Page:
Last Of The Summer Weather
There's an old saying in these parts:
When the Sumac's turned to red
Throw a thicker duvet on thy bed
When the Sumac's turned to brown
Winter bist here, wearing a frown.
No, I mustn't lie to you. I made that up.
But don't be deceived by today's scorching heat. The nights are drawing in. And if you rise early, you can hardly see the mellow fruitfulness for the fucking mists. Rather like myself, the year is in 'the springtime of its senescence.'
[I've been wanting to use that phrase from Gore Vidal for weeks].
But in a climate like ours you should embrace each returning season like an old friend.
[Can't believe I wrote that sentence. I haven't been reading Patience Strong but I ate some cream doughnuts and fell asleep in the sun. Sorry].
Anyway, if I can stop paranthesising [like a fit of sneezing] long enough, here are some things to look forward to this autumn:
The DVD of Green Wing should be released soon. If it isn't, Talkback/Channel 4 will have missed the Christmas market and demonstrated that they don't have enough commercial nous to run a whelk stall.
There will also be a second series in the new year.
One of the things that made Green Wing unusual was that it combined some wonderful visual gags with brilliantly clever verbal humour. You rarely get both genres of comedy together.
The redesigned Guardian will appear in about a week's time. It is adopting the Berliner format, mid-way between tabloid and broadsheet. How like the dear old Guardian to sit on the fence. It was a design change foreseen by JFK when he said "Ich bin ein Berliner."
In the last design change they banished capital letters from almost every proper noun, for which I have never forgiven them. OK, that's a style change rather than a design change. But they argued that using capitals for terms like Prime Minister was confusing to readers and looked like 'alphabet soup'. This made me wonder if they had confused their readership with that of the Daily Sport.
A new font has been designed for this change, which seems extravagant because there are thousands of fonts in existence (most of them using up disk space on my computer) and most of them are as little used as the fonts in the country's churches. Surely they could have adopted a green design policy and saved money and energy by recycling some long unused font?
That said, it's all very exciting for those who don't get out much. There will be much moaning and many letters of protest and people will "instruct my newsagent to cancel my order". ("Yes, m'lady, I'm tugging my forelock even as we speak. If you had called into my humble newsagent to instruct me in person I could have licked your brogues and sent my youngest out with a chamois leather to wash your Range Rover. I take it that, in the absence of intructions to the contrary, Madam still wishes to receive Country Life and Cosmopolitan and Sir his copy of Asian Babes?").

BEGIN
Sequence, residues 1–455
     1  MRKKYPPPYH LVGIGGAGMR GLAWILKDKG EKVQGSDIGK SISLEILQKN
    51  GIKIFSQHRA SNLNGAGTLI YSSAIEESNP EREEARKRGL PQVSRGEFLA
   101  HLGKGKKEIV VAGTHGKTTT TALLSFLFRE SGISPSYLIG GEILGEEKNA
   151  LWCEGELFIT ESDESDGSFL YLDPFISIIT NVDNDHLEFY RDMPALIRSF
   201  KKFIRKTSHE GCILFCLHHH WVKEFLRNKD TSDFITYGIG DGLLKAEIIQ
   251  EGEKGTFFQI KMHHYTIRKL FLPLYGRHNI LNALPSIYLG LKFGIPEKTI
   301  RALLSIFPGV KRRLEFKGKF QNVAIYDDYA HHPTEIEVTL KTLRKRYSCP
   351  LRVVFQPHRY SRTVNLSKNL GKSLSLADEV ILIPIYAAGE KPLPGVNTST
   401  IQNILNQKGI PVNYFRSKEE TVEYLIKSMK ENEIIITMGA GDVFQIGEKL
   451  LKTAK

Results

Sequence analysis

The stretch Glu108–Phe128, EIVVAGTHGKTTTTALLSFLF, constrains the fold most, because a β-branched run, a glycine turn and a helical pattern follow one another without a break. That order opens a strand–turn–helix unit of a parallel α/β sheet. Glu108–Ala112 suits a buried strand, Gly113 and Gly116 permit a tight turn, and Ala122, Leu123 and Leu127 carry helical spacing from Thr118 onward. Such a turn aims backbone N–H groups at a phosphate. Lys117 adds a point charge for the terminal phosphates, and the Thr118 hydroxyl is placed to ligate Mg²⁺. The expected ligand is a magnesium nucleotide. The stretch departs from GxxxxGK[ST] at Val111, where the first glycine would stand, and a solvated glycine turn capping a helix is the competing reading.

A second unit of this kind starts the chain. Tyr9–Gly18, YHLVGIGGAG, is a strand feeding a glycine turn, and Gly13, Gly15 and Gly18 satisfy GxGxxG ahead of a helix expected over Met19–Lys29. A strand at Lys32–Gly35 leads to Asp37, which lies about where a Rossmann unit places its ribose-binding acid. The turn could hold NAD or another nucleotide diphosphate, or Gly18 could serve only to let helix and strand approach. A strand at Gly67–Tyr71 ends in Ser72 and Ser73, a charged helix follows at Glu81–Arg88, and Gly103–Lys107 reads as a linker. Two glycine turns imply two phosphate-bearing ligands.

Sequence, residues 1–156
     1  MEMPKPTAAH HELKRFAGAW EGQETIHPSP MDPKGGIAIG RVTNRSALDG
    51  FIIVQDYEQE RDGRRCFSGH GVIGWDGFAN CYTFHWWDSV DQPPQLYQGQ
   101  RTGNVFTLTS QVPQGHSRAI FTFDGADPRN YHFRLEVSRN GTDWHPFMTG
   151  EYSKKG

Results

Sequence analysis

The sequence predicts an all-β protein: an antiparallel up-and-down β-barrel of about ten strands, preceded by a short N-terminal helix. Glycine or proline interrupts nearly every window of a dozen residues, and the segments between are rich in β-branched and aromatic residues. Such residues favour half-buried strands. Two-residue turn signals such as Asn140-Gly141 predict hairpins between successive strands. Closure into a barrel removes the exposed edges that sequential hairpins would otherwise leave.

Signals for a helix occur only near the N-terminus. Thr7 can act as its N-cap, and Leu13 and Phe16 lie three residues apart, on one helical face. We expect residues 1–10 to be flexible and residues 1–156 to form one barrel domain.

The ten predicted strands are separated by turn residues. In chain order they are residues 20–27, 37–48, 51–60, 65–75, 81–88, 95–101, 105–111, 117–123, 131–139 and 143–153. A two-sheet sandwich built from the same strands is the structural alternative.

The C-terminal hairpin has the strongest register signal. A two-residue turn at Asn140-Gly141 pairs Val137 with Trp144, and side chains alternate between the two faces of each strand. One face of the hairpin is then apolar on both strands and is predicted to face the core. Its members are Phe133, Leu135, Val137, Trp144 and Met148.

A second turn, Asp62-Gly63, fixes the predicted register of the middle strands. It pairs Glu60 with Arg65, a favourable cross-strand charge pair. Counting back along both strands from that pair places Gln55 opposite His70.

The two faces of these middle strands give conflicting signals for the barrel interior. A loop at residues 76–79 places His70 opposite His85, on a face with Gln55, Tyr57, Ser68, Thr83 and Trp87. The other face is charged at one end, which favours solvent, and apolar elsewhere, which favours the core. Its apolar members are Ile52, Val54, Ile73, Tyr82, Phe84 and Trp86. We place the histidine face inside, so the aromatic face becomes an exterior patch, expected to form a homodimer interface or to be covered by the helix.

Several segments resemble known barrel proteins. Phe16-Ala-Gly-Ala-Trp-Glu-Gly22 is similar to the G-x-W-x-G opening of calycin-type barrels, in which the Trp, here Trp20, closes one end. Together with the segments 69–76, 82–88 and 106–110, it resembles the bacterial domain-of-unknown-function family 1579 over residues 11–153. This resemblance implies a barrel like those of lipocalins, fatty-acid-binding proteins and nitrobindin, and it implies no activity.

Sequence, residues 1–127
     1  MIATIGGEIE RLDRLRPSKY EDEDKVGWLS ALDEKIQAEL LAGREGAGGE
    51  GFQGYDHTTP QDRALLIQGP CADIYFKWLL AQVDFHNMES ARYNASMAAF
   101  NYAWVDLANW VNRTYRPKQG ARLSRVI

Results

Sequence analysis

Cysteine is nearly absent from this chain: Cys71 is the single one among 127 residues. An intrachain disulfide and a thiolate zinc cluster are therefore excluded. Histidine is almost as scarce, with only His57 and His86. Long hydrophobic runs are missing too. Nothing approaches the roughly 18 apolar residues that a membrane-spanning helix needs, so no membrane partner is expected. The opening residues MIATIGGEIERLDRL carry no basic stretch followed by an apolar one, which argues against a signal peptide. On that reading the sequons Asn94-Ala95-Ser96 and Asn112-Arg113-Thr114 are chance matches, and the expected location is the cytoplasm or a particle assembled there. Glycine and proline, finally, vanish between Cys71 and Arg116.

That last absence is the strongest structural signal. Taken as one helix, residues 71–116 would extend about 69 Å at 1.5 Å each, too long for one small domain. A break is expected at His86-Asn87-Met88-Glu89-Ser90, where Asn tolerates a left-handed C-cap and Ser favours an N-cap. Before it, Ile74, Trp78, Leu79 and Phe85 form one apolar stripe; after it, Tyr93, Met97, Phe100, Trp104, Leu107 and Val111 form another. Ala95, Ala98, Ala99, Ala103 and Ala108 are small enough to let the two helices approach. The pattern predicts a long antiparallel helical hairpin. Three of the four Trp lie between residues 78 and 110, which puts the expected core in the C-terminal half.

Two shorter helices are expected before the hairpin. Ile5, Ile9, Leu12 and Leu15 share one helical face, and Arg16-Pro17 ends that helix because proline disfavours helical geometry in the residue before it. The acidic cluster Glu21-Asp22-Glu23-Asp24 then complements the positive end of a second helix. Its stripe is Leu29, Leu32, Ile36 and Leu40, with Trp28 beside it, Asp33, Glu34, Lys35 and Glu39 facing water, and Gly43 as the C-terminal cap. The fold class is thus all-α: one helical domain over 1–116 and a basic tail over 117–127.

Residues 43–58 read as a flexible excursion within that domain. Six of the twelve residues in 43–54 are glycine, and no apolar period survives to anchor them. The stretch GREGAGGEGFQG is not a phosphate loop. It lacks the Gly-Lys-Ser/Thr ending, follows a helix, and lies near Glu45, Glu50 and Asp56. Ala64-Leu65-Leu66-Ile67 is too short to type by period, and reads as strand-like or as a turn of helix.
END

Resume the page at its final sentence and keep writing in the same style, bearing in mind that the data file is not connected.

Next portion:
Why do the middle classes always 'instruct' their newsagents?
But in a few weeks we won't even remember what a nightmare it was trying to turn broadsheet pages on the Bakerloo Line. Not least because we never go within a hundred miles of the Bakerloo Line.
The coming weeks will also see the final rounds of The X Factor. [For overseas readers: this is like PopIdol/American Idol but open to people of any age].
It is one of the greatest television entertainment formats ever devised. The tension in the final rounds is similar to a penalty shoot-out in a Cup Final. In the former, one tries to calm oneself by saying 'It's only a game'. With the latter, one says 'It's only a crap TV programme'. In both cases, to no avail.
For political junkies, we have the Tory leadership contest this month.
Since they unfailingly pick the political equivalent of a minger who can't sing, maybe they should adopt the X Factor format this time round.
Ken Clarke would have an advantage with his deep knowledge of jazz. He could put lyrics to 'Take Five', the number of times he's stood for the leadership. David Cameron would probably sing the Eton Boating Song. As for David Davis, well he was raised in a council flat so he might make a play for social inclusiveness by singing 'My Old Man's A Dustman'.
For Corrie fans there will be the build-up to a big Christmas story line.
Will Charlie and Shelley get married? Lots of potential for fisticuffs in the aisle in that one.
Will Mike Baldwin's Altzheimers accelerate to the extent that he hands over the factory to Ken Barlow, believing him to be his son?
Will Kevin Webster discover that Sean was only pretending to be gay and that it was Sean who raped Sally on the Red Rec?*
Finally, one assumes that Jeremy Paxman will return to Newsnight some time soon.
Gavin Esler - blander than a boil-in-the-bag Béchamel sauce served in a Harvester restaurant - can return to News 24.
Kirsty Wark - shriller than an Aberdeen fishwife - can jump on an Easyjet back to BBC Scotland.
Paxo will resume his rightful throne and we can go to bed happy in the knowledge that Ministers have been given a right royal shafting.
* To those of you 6 months behind us, I made that one up.